These colors don’t run

Finding Faith

This Spring began a historical visitation for me. Not just because I descend from an illustrious military family, but the awe that I experienced of the God-ordained “Great Experiment” called the United States of America.

I was standing on top of Bunker Hill, which overlooks the historical section of Boston, trying to imagine the events as described by Mr. John Adams (2nd President of the United States) to the Continental Congress convening in Philadelphia Pennsylvania, as penned by his wife Abigail Adams from high ground located in Braintree Massachusetts. According to these reliable words…

“The race is not to the swift, nor the battle to the strong–but the God of Israel is He who giveth strength and power unto His people. Trust in Him at all times ye people pour out our hearts before Him. God is a refuge for us.–Charlestown is laid to ashes. The Battle began upon our intrenchments upon Bunker Hill, a Saturday morning about 3 o’clock…”

The Brittish attack commencing on June 17th 1775 occurred at an hour which mocks Christ, by an army represented by the King who had violated Scriptural Principles against the colonies (now become States), and the sword of the Righteous had been drawn to thwart those whose goal was oppression. Abigail continued her report as to the friends fallen and the fact the battle extended late Sunday evening. When the smoke cleared—The Massachusetts Colonial Militia had held the high ground. This engagement precipitated the formal authority to form the Continental Army and the high command offered to General George Washington. It was said of the Minute Men two things: They were outnumbered by trained professional soldiers and they pursued the Brittish with ungentlemanly haste. At that moment I thought about the dynamic between the individual States that a Virginian would lead New England men, coordinate Vermonters and New Yorkers to secure important harbors, and mediate with the Congress to obtain supplies and organize the forces to defeat the enemy. When you consider the role Virginia played in the war between the states, it is a remarkable but divine move of the hand of God. This idea is reflected by the “Pine Tree” Flag, which is also called the George Washington Flag–upon which it is written “An Appeal to Heaven”.

On 14 June 1777 the Continental Congress passed the “Flag Act”, which set the standard that we see in the National Ensign today. The sentiment of the Gadsden Flag “Don’t Tread On Me” is woven into the fabric in remembrance of the coming together of the thirteen colonies and codified by the words written by Francis Scott Key–the Star-Spangled Banner. The poem about the colors surviving the British Bombardment at Fort McHenry, which was put to music and became our National Anthem. The flags flown during the bombardment were the famous gigantic Garrison Flag, the smaller Storm Flag and the little known 8′ x 5′ National Ensign that was found during renovations on Fort McHenry and hidden behind bricks of the fortifications. The Garrison Flag was hauled up at first light and was the flag of which he wrote. The idea being destroy me NEVER.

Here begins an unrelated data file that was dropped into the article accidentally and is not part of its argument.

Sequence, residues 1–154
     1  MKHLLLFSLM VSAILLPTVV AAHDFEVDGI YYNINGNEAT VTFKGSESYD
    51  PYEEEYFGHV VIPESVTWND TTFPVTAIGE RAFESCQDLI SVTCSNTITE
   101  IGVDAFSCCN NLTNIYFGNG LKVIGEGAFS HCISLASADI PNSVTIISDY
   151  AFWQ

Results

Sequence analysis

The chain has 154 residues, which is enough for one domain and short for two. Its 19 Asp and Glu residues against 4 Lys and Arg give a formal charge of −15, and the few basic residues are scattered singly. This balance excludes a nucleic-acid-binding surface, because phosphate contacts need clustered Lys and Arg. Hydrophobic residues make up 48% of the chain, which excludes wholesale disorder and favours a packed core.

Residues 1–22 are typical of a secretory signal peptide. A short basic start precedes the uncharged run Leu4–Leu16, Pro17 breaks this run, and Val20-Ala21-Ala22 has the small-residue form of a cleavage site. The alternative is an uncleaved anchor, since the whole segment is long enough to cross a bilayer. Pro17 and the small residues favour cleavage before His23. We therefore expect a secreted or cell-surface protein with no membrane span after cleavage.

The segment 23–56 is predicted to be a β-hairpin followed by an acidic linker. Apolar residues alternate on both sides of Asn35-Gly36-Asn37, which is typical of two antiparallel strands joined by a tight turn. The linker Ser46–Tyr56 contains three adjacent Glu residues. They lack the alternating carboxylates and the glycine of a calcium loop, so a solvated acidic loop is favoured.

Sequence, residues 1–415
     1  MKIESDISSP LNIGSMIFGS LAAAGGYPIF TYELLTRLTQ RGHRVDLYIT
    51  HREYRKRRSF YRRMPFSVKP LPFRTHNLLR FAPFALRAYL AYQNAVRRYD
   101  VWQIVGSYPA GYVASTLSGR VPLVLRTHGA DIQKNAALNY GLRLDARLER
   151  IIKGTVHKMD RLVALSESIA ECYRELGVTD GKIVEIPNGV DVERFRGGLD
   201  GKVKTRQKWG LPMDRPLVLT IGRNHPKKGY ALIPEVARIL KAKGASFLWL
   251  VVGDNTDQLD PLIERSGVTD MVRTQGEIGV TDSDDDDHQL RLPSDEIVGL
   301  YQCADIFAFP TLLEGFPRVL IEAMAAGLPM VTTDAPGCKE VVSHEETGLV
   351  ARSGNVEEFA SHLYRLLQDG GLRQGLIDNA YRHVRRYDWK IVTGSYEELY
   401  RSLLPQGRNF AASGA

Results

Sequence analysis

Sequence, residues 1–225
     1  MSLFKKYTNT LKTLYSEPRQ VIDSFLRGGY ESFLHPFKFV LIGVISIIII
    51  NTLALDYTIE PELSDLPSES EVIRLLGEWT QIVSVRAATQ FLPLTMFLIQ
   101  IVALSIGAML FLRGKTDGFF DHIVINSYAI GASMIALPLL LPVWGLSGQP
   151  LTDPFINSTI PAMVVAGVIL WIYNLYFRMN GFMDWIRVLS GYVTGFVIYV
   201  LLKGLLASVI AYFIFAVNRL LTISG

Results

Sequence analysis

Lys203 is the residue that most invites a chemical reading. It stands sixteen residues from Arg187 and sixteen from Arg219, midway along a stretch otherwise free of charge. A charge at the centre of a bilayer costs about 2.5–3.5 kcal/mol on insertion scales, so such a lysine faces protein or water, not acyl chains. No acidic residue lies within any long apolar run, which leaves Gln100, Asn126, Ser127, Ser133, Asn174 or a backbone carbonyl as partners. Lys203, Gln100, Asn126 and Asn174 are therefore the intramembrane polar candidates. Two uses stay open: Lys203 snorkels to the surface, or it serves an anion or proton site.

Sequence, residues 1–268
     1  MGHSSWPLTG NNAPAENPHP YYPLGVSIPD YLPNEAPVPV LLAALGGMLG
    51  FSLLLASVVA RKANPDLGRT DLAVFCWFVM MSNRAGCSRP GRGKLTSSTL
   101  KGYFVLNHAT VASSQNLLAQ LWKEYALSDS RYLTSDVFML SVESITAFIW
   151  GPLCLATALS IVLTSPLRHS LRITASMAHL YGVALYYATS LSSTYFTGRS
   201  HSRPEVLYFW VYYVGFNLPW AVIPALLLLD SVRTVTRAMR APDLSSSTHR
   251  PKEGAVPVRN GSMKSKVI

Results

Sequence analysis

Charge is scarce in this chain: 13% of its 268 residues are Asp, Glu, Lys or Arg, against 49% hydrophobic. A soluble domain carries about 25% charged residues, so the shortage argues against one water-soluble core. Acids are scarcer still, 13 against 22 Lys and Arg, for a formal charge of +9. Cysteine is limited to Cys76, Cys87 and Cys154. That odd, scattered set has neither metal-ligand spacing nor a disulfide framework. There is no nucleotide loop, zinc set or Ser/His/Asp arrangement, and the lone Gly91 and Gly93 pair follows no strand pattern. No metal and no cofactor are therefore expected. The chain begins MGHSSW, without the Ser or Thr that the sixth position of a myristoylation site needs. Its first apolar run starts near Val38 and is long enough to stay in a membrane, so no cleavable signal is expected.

By 1836 the armies of every foreign nation were driven from the continent by bayonet point and the nations of the world learned that these colors do not run. America stood resolute, even when divided by a line that separated slave states in the south called the Mason-Dixon Line.We survived as a Christian Nation—a “Republic for which we stand, one nation under God…” and the work Great Experiment has marched down the corridor of time in the defense of freedom and democracy of the peoples of the earth.

I was standing at Arlington Cemetery, as I happened on a funeral service for a Marine Officer. Though this was a solemn occasion, it was one steeped in tradition. Upon the conclusion of the ceremony, I asked the family about the service of their loved one. He had served in the Pacific Theater of Operations in the Island hopping campaign that was encapsulated by the famous photograph of the flag placement on Iwo Jima high atop Mount Suribachi. The acclaim received by Mr. Joe Rosenthal was as result of the spark which ignited the flame in the heart of every American that these colors do not run. Looking at my surroundings, I commented “Yes. The price of freedom is very high indeed.”

There are forgotten verses of our National Anthem, which tie together the concepts of sacrifice, honor, and the blessings of Almighty God upon this Great Experiment called America. My attention has often been called to this particular verse:

O thus be it ever when freemen shall stand

Between their lov’d home and war’s desolation!

Blest with vict’ry and peace may the heav’n rescued land

Praise the power that hath made and preserv’d us a nation!

Then conquer we must, when the cause is just,

And this be our motto–“In God we trust,”

And the Star-Spangled Banner in triumph shall wave

O’er the land of the free and the home of the brave.

….And these colors do not run.

Let this be our benediction also:

‘Thus you shall bless the sons of Israel. You shall say to them:

The Lord bless you and keep you;

The Lord make His face shine upon you,

And be gracious to you;

The Lord lift up His countenance on you,

And give you peace.’

Numbers 6:23-26

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Finding Faith columns are written by local pastors. This column was written by Rev. Dr. Bryon Reynolds, pastor the Charlton Chapel-Lighthouse Ministry.

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